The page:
I am in midst of starting to explain how a new view of the afterlife came into existence in Jewish circles right around the time of the Maccabean revolt, and to that end I have devoted one post to a brief narrative of what happened leading up to the revolt and a second post to two of our principal sources of information about it, 1 and 2 Maccabees.

Now, I need to provide yet more background: it was at this time, and in this context, that a new genre of literature appeared within ancient Judaism, the “apocalypse.”   As we will see, the first Jewish apocalypse we have is in the book of Daniel, the final book of the Hebrew Bible to be written.  To understand Daniel (and its view of the afterlife) it is important to know something about the conventions of its literary genre.   That’s what I will explain in this post, in terms taken (with only a little editing) from my textbook The Bible: A Historical and Literary Introduction.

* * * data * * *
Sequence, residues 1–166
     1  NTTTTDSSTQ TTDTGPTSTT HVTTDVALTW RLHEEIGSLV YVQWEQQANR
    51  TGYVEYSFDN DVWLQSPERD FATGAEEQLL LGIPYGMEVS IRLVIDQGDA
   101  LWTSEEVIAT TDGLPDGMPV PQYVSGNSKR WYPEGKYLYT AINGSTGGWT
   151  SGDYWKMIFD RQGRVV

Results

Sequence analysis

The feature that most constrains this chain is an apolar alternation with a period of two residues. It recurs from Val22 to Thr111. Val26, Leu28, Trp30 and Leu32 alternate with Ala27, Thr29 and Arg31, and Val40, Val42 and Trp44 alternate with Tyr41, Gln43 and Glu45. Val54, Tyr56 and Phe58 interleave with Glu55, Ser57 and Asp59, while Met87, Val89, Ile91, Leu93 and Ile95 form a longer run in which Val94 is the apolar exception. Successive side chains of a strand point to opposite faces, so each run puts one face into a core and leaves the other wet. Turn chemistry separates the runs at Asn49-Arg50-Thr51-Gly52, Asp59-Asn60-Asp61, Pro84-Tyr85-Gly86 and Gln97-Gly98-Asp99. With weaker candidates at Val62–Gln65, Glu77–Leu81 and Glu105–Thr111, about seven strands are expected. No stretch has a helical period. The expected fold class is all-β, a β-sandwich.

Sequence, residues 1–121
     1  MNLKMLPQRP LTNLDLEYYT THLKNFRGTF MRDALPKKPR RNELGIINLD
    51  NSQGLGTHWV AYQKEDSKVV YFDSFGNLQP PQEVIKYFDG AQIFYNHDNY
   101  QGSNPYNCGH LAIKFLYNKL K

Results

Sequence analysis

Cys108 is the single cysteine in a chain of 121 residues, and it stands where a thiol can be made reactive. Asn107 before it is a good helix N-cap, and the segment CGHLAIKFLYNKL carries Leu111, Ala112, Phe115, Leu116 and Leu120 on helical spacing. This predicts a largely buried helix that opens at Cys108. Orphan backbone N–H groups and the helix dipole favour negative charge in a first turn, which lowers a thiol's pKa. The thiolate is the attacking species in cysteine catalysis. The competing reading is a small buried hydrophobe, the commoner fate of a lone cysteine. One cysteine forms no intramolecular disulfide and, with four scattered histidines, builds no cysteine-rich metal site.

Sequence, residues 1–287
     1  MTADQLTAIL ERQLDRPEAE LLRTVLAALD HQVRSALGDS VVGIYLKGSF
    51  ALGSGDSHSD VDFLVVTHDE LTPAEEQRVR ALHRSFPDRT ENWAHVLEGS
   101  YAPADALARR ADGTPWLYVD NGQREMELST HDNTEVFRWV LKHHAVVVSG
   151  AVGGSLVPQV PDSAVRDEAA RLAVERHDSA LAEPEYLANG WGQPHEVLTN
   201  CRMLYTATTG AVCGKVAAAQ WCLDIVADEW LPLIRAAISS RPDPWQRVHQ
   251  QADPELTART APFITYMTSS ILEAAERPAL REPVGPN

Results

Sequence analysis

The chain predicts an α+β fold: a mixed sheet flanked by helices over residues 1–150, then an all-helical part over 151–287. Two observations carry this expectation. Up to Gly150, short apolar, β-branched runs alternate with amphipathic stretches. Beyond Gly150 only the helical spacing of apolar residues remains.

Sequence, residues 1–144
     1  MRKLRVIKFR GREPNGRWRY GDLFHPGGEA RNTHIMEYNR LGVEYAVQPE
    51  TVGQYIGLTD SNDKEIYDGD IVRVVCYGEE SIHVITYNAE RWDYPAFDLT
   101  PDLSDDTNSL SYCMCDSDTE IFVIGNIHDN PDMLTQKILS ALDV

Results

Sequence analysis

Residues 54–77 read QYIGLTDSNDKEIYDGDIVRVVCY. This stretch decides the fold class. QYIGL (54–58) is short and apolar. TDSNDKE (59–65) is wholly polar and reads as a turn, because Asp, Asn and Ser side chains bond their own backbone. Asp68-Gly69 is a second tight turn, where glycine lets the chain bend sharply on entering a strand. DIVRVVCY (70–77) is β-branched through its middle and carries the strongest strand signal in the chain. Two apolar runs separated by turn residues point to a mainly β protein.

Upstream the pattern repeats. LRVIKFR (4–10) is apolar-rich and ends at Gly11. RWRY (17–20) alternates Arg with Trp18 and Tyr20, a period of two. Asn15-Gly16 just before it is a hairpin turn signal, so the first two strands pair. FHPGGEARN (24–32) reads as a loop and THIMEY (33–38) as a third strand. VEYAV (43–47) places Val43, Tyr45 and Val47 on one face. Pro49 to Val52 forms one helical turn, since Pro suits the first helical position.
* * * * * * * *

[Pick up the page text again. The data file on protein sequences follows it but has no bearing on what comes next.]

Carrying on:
Apocalypse as a Literary Genre

At about the time of the Seleucid domination of Judea in the days of Antiochus Epiphanes there started to appear Jewish writings that presupposed, embraced, and set forth these kinds of apocalyptic views.  In particular, it is at this time that Jewish “apocalypses” started to be written.   The term apocalypse refers to a …

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